By DAN SEUFERT
Union Leader Correspondent
ALEXANDRIA — The Spain-based wind-power company that drew public outcry with its proposed wind farm project for the ridgelines near Newfound Lake and Mount Cardigan has not filed for permits for the project with the state.
Last fall, Iberdrola Renewables approached the towns of Alexandria, Grafton and Danbury in October to lay out its plans for the Wild Meadows Wind Power Project, a 74-megawatt, 37-tower array of towers on a 6,000-acre parcel the company has leased from landowners in Alexandria, Danbury and Grafton.
In meetings with residents, Iberdrola officials said the company, which received the state’s Site Evaluation Committee approval for its 48-megawatt wind farm project in Groton last year, would be filing for state permits during the winter months, according to town officials.
But the evaluation committee hasn’t seen an application yet, said Timothy W. Drew, administrator of the Public Information and Permitting Unit at the state Department of Environmental Services.
“We’ve been reading a lot about Wild Meadows in the paper, but we haven’t seen anything (from Iberdrola) yet,” Drew said.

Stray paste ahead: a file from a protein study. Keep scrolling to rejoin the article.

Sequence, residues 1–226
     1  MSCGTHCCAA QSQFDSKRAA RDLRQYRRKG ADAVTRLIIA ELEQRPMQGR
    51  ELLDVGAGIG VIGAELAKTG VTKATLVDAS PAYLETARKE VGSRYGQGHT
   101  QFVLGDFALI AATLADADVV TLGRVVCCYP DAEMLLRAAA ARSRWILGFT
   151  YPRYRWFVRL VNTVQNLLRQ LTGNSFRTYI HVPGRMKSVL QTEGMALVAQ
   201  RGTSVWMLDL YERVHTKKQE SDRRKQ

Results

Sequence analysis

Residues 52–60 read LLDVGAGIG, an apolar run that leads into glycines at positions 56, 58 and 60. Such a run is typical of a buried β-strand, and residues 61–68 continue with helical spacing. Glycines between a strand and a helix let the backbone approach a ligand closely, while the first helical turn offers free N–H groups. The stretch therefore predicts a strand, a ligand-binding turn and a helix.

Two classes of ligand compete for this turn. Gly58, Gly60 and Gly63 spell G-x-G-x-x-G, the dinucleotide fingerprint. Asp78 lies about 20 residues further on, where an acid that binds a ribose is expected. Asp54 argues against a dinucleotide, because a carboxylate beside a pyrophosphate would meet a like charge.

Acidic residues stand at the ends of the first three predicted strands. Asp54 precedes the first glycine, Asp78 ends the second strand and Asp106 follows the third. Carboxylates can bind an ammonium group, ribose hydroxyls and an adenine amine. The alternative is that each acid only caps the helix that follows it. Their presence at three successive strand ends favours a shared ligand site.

Iberdrola’s Ed Cherian said the project planning is taking time.
“Yes, the project is ongoing,” he said. “We are working on the project details and still plan to file, but we do not have a target date at this time.”
The president of the primary organization opposing the Wild Meadows project, New Hampshire Wind Watch, said she was surprised, but pleased, at the apparent delay in the Wild Meadows filing.
Wind Watch members question whether the project would benefit New Hampshire’s renewable energy needs, and say any financial benefits offered to the three towns would be outweighed by the negative effects of the towers.
Of the 37 towers, 30 would be erected along the top of a picturesque mountain ridge behind Newfound Lake, producing an ugly sight to boaters and lake residents that could cost the towns tourism dollars, members said.
Iberdrola said the project would bring jobs to the towns, and the company has told the three towns the project would bring huge benefits in terms of reducing tax rates, as it has done in Groton.
Groton selectmen signed a 15-year agreement with the company that will pay the town $528,000 — roughly equivalent to Groton’s most recent town budget — in the first year, and each of the project’s 24 wind turbines will net the town $22,000 in the years that follow.